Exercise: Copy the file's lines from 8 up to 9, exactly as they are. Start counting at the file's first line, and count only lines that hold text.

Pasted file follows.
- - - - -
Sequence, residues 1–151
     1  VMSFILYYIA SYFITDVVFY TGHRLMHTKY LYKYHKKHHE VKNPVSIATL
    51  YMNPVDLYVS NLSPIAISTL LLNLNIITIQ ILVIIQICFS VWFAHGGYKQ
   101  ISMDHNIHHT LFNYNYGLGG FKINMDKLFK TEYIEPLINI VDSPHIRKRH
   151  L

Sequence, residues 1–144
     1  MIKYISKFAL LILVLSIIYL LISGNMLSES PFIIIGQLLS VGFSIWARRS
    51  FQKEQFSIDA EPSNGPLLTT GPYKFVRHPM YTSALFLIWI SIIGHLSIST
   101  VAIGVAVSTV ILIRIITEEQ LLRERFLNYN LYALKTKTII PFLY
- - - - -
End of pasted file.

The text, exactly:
    51  FQKEQFSIDA EPSNGPLLTT GPYKFVRHPM YTSALFLIWI SIIGHLSIST
   101  VAIGVAVSTV ILIRIITEEQ LLRERFLNYN LYALKTKTII PFLY